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Hydrodynamics-based approaches were used to characterise and analyse the present-day pressure and fluid-flow conditions in the Permian Rotliegend reservoirs in the Netherlands. These approaches involve the use of multi-well pressure– depth plots, regional all fluid overpressure maps, salinity maps, and hydraulic-head maps. The maps and plots revealed a general regional trend of, often stepwise, decreasing fluid overpressures from northeast towards the south. Values of fluid overpressure vary between hard geopressures (Pexcess > 40 MPa in block L2) and near-hydrostatic pressures (Pexcess < 1 MPa in southern offshore). The highest overpressures occur in a zone following the northern limit of the Permian Rotliegend reservoirs. The width of the zone of high overpressures extends southward into the onshore Netherlands in the area of the Lauwerszee Trough. The hydraulic-head map of the Rotliegend reservoir demonstrates the potential for a general southward dewatering direction.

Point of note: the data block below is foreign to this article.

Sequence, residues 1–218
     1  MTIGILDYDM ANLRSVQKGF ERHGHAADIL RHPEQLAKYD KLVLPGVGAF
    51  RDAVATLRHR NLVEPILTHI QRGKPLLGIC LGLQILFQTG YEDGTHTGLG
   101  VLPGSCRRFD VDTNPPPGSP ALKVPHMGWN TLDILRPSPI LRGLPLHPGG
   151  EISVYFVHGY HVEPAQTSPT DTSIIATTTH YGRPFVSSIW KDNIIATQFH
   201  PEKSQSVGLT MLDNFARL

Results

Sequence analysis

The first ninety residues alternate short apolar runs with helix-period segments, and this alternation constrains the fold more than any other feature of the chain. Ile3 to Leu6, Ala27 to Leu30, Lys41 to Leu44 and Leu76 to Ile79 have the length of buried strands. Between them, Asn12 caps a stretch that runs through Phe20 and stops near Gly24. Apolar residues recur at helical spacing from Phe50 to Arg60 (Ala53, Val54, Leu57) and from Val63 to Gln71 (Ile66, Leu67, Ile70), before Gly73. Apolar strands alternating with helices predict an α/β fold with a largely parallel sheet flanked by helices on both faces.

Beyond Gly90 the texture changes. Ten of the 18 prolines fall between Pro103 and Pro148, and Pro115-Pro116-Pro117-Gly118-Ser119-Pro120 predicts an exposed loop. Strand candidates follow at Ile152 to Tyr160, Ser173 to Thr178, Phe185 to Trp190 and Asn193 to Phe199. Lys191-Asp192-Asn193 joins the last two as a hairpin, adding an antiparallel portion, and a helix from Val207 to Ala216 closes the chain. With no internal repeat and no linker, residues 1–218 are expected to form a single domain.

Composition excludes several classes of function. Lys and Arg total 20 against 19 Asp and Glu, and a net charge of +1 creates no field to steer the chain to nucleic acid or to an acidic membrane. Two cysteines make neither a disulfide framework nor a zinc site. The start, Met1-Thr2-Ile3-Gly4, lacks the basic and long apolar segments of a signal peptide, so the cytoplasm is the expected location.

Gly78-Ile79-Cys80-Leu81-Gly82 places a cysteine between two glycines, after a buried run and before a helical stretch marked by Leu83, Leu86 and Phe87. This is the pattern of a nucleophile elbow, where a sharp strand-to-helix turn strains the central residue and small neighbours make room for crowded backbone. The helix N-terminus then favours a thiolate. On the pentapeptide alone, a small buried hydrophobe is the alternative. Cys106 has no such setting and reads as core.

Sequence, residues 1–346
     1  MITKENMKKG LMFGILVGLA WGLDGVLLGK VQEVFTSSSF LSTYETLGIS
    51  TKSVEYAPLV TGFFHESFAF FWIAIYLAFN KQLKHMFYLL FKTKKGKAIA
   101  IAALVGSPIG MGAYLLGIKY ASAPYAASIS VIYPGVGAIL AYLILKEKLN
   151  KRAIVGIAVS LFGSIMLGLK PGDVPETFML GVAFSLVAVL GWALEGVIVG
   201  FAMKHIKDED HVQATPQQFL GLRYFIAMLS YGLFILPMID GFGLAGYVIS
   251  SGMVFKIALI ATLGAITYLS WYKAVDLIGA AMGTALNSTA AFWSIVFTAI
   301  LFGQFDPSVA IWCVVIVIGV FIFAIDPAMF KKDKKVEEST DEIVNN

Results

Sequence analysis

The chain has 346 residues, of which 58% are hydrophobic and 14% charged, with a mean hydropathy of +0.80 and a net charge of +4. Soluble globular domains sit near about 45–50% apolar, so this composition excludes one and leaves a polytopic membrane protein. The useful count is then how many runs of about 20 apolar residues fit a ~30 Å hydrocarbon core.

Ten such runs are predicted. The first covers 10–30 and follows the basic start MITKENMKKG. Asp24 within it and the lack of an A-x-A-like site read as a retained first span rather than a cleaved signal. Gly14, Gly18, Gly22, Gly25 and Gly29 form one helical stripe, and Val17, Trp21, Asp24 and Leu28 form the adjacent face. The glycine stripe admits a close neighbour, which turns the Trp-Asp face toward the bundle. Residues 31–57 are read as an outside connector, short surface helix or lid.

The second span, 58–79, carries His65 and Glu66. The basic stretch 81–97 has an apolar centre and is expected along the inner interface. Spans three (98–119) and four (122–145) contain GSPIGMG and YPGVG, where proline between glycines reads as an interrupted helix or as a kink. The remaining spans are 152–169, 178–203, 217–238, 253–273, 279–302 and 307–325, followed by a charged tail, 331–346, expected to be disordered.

The hydrodynamic evaluation identified that there are distinct regional differences between the southern and the northern part of the area with respect to important factors influencing both pressure generation (such as sedimentary loading and gas generation) and dissipation (by fluid flow) in the Rotliegend reservoir. The distribution of observed overpressures and hydraulic heads reflect these regional differences. We show that because the vertical and lateral dewatering of the Rotliegend reservoirs is controlled by the permeability framework, the regional variations therein exert a major influence on the observed distribution of fluid overpressure. Relatively high fluid overpressures are maintained in zones where dewatering of the Rotliegend is severely restricted. This is especially apparent in the southern part of the Dutch Central Graben and also in the northern part of the Lauwerszee Trough.

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